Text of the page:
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Supreme Court rules for student-athletes in battle over NCAA limits on certain benefits

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Washington — The Supreme Court on Monday said the National Collegiate Athletic Association (NCAA) cannot strictly limit certain benefits for student-athletes as a means of protecting their amateur status, delivering a blow to the behemoth organization as it battles efforts to allow collegiate athletes to receive some financial compensation.

The high court ruled unanimously in favor of the student-athletes, with Justice Neil Gorsuch delivering the opinion. The ruling is the most significant involving antitrust laws and the athletic association to come from the Supreme Court in decades.

Led by former University of West Virginia running back Shawne Alston, the dispute before the court centered around the NCAA’s rules restricting certain academic-related benefits for student-athletes, such as post-graduate scholarships, internships, computers and science equipment. A separate battle is playing out in state legislatures and on Capitol Hill over whether athletes can be compensated for use of their name, image and likeness.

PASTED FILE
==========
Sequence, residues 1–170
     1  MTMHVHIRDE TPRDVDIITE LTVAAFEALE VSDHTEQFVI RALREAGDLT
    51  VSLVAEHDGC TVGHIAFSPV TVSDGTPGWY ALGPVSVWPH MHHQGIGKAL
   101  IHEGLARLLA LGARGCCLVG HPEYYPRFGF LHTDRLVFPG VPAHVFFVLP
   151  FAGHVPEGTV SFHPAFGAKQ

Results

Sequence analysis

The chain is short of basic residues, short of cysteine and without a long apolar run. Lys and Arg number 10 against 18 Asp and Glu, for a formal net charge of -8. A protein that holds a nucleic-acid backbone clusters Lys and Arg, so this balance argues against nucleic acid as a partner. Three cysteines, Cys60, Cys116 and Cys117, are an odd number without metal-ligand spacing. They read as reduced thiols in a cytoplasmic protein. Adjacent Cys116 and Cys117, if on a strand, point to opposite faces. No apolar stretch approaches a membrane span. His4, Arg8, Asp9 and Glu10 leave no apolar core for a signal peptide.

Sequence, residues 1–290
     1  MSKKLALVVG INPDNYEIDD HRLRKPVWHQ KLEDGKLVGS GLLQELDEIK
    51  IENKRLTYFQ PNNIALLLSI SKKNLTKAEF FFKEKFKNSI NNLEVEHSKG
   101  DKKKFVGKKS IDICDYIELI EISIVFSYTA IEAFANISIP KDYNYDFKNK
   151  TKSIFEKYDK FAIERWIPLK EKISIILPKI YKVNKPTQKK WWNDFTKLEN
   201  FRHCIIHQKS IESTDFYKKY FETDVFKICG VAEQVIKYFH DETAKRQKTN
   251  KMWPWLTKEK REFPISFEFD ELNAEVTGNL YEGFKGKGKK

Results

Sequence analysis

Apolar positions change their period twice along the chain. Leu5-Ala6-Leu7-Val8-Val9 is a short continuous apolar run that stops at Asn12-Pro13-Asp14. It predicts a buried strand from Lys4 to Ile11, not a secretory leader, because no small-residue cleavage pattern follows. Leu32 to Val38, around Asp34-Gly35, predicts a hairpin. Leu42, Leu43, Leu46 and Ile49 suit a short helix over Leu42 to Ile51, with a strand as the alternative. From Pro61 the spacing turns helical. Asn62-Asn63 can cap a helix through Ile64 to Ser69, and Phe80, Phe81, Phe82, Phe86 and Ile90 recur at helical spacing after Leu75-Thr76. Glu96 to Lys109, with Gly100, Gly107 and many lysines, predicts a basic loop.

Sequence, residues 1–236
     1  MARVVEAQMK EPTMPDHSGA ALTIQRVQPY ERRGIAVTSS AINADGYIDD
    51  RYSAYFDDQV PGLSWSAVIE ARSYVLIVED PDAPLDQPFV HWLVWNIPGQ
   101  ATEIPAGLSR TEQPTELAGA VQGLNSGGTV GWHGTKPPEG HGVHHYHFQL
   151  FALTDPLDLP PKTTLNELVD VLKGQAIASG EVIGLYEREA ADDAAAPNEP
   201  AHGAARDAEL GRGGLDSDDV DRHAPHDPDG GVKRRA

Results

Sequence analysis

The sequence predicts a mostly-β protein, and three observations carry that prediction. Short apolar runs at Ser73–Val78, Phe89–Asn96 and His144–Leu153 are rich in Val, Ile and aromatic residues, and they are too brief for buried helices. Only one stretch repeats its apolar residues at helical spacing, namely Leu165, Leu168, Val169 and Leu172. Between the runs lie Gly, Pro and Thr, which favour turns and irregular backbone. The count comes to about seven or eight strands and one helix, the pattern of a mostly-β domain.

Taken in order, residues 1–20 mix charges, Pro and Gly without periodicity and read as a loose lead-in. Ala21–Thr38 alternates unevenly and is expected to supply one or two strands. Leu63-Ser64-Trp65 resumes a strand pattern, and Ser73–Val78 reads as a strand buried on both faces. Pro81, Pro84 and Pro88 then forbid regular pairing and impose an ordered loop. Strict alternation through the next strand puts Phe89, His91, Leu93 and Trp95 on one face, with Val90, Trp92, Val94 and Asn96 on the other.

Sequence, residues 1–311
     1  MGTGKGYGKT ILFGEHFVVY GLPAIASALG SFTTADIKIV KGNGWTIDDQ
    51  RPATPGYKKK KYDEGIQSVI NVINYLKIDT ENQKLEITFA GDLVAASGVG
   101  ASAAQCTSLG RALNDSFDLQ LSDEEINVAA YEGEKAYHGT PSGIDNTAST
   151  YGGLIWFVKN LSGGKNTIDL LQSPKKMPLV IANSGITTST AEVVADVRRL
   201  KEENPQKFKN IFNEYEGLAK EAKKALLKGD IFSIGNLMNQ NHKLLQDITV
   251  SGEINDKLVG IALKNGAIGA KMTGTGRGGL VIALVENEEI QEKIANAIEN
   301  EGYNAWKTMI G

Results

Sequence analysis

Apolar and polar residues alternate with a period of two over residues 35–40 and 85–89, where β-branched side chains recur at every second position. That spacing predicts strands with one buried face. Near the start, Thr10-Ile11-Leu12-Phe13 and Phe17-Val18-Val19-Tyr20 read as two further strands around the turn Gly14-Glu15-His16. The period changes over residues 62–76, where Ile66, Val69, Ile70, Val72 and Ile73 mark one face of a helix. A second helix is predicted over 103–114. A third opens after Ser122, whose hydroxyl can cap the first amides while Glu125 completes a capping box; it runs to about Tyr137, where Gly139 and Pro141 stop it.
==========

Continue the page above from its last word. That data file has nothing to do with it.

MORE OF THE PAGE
Alston and a group of former Division I men’s and women’s college athletes argued the NCAA’s cap on education-related perks ran afoul of antitrust laws and rejected the organization’s claims that allowing the benefits to flow to athletes would threaten its amateurism model.

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A federal appeals court last year sided with the athletes in the legal battle, ruling the NCAA couldn’t limit the benefits tied to education. The 9th U.S. Circuit Court of Appeals said academic benefits are different from professional salaries, and its decision paved the way for colleges to provide more of these perks to Division I players.

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The NCAA, which rakes in roughly $1.1 billion annually, has for decades relied on a Supreme Court ruling from 1984 to justify its amateurism framework. While the court in that case found the organization violated the Sherman Act with its plan for television rights for college football games, it also said the NCAA “plays a critical role in the maintenance of a revered tradition of amateurism in college sports” and “needs ample latitude to play that role.”

During oral arguments in late March, as the popular Division I men’s basketball tournament known as March Madness was coming to a close, several of the justices poked holes in the NCAA’s concerns about maintaining students’ amateur status to preserve the integrity of college athletics, given that the organization benefits handsomely from athletes and their low-labor costs.

Antitrust laws, Justice Brett Kavanaugh said, “should not be a cover for exploitation of the student athletes.”

“The schools are conspiring with competitors, agreeing with competitors, I’ll say that, to pay no salaries to the workers who are making the schools billions of dollars on the theory that consumers want the schools to pay their workers nothing,” he said. “That just seems entirely circular and even somewhat disturbing.”

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